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If a DC-DC converter (say 48V input to a 5V device) fails, is it possible for it to send the raw input voltage (48V) into the 5V device? And, if warranted, could anyone elaborate further as to common failure modes for DC-DC converters and how those might impact the output side? I'm not an electrical engineer, so please understand I'm a noob at all this and have no expertise whatsoever. Thanks in advance for understanding.

Background: I'm powering an Android tablet (5V) with a 48V->5V DC-DC converter. I've seen a couple tablets eventually get fried with no warning (just running for several months). They literally smoke and burn a hole in the case near a transistor where the power comes into the tablet. I've examined a less-than-ideal scope plot with the converter in question's output side... the amplitude on the output is nearly 500mV, and there's even an oscillation to the amplitude (there isn't with some other converters I've tested)... it varies from 200mV to 500mV. The other "good" converter I've tested is pretty steady at about 200-250mV amplitude.

My guess is that either the tablet's charging circuitry is getting worn out by the dirty power of the DC-DC converter, or the converter itself is failing and shunting through 48V to the tablet. Curious what others more knowledgeable might think.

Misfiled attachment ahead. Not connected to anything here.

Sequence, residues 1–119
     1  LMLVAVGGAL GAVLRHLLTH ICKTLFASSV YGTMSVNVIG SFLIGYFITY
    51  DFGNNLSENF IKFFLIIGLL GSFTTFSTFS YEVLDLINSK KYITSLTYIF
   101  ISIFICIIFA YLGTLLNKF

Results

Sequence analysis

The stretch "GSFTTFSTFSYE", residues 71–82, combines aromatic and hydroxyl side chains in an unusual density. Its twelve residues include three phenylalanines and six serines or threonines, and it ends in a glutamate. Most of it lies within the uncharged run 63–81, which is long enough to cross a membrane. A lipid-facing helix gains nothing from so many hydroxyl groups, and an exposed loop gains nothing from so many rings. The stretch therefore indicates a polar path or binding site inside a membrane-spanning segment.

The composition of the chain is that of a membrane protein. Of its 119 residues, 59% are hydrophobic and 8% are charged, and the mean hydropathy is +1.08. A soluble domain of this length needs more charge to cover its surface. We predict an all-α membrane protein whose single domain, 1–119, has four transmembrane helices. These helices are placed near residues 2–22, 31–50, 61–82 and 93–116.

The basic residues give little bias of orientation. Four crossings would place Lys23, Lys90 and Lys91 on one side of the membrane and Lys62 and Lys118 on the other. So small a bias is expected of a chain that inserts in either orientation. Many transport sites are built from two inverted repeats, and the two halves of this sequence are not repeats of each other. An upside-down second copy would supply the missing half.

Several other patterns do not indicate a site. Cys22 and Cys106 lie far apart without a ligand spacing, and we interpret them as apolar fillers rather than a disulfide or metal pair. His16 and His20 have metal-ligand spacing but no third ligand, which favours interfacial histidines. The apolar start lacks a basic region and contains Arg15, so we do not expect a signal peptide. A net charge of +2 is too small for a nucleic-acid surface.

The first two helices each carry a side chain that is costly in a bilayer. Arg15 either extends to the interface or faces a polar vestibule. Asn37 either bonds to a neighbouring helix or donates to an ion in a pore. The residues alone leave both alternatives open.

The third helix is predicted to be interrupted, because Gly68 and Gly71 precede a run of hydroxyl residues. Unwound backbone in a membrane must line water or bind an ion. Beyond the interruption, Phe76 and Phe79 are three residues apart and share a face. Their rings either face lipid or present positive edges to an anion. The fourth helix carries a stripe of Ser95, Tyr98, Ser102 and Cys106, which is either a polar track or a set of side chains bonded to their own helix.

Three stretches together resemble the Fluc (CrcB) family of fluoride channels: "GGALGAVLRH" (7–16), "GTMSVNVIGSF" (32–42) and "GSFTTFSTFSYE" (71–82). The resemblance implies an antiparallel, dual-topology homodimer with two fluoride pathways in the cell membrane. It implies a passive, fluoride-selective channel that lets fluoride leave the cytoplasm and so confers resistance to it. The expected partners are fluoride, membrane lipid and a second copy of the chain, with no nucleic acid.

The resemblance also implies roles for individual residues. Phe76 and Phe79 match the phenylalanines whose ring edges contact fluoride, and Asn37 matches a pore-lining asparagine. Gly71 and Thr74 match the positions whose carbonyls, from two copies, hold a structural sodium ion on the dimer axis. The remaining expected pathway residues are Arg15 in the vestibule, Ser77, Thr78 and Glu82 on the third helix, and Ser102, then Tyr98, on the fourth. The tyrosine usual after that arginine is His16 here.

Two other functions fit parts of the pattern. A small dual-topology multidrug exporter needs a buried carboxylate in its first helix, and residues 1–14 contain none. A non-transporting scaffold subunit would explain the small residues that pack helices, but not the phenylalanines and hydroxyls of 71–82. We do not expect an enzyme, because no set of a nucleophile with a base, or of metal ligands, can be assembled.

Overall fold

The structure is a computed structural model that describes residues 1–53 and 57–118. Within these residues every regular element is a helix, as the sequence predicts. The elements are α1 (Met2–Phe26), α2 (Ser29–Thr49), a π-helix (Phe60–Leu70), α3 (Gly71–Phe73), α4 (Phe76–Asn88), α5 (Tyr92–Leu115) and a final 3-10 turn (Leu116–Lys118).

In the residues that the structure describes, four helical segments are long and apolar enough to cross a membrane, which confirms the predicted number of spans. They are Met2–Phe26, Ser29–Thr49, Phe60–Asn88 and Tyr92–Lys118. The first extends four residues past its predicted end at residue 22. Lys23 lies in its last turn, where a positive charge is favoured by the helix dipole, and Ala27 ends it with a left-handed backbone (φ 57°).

Note: I tried researching before posting (and found the following posts), but these are way over my head, and probably not really what my situation is...

  1. Not getting stable voltage output with DC-DC Buck Converter

  2. What is causing large oscillations in my DC/DC boost converter? Is this ground bounce or some other effect?

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    \$\begingroup\$ Yes, just think about a buck converter and short the top MOSFET. \$\endgroup\$ – winny Feb 26 at 18:26
  • \$\begingroup\$ @winny, thanks for your input. Also, I'm a software engineer and have very minimal expertise in the details of how a buck converter actually works. \$\endgroup\$ – csr19us Feb 26 at 19:03
  • \$\begingroup\$ Please look up buck converter on Wikipedia or similar. \$\endgroup\$ – winny Feb 26 at 19:33
  • \$\begingroup\$ Update from learning... a non-isolated buck converter couples the input to the output. If the input MOSFET fails in shorted mode, the input voltage may feed into the output. Sound right? \$\endgroup\$ – csr19us Feb 26 at 21:09
  • \$\begingroup\$ Can you link the particular model of DC-DC that was involved? \$\endgroup\$ – Harper Feb 26 at 21:16
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MOSFETs tend to fail closed. A well designed DC-DC converter might use it's low side FET to cause a short to ground if the high side FET starts to fail. If so it would be depending on a properly sized fuse to interrupt the current in this sort of event.

If the driver doesn't detect the failure, you might just see the converter get less efficient and run hotter causing further damage to the system.

Capacitors like the output capacitor can also fail and so an older converter is likely to have less effective smoothing on its output.

All that said, 500mV ripple shouldn't kill a USB device like that. Perhaps the excursion that did, was more severe than the ones you observed (possibly because the electronics had gotten hot or were operating at an increased load.)

Check the lifetime on your capacitors and see how it compares to the operating life. Schedule their replacement if you have a system that wont tolerate their failure.

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